Dissociative Amnesia is a condition that impairs the person’s ability to remember important information about their own life. This may be more specific memories (thematic) or more general life history/identity (general).
There are (rarer) cases called dissociative fugue where a person may forget much if not all of their own information (their own name, their personality, their family, etc) and sometimes even leave their home and adopt an entirely new identity and start a new life.
In all cases of dissociative amnesia, your memory loss is at a significantly higher rate that would be expected as ‘normal forgetting’.
Symptoms Can Include
- Localized: The memory loss affects specific parts of the person’s life (i.e. two years during highschool, or a certain ex). Often the memory loss is connected to trauma.
- Generalized: The memory loss affects major parts of the person’s life and/or identity. They may not be able to recognize their own name, family, job, house, etc.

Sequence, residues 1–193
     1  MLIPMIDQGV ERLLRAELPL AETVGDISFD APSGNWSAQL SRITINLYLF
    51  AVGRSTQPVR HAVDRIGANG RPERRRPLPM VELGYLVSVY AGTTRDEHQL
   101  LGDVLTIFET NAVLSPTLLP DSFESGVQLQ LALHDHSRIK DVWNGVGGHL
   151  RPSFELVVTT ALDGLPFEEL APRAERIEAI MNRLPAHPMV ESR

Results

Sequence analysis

- Fugue: The memory loss is generalized and the person adopts an entirely new identity. For example an office worker with a family named Susan doesn’t come home one day and is reported missing. Three months later she’s discovered going under the name Barbara living across the country with a new family working in a gas station and has no recollection of her old family.
It is estimated that 1.8% of the population is diagnosed with Dissociative Amnesia.
What Causes This Disorder to Form?
Dissociative Amnesia is caused by overwhelming stress, often caused by trauma. Dissociative amnesia cases are higher in locations where there have been wars, natural accidents, or disasters. A person with Dissociative Amnesia may have experienced or witnessed something traumatic that caused them to develop the condition. There also may be some genetic component as close relatives often have a tendency to develop amnesia, although this is not solidly proven yet.
- Psychotherapy (“talk therapy”)
- CBT (Cognative-Behavioral Therapy)
- EMDR (Eye Movement Desensitization and Reprocessing)
- DBT (Dialectic-Behavior Therapy)
- Family Therapy
- Creative Therapies (music therapy, art therapy, etc)
- Clinical Hypnosis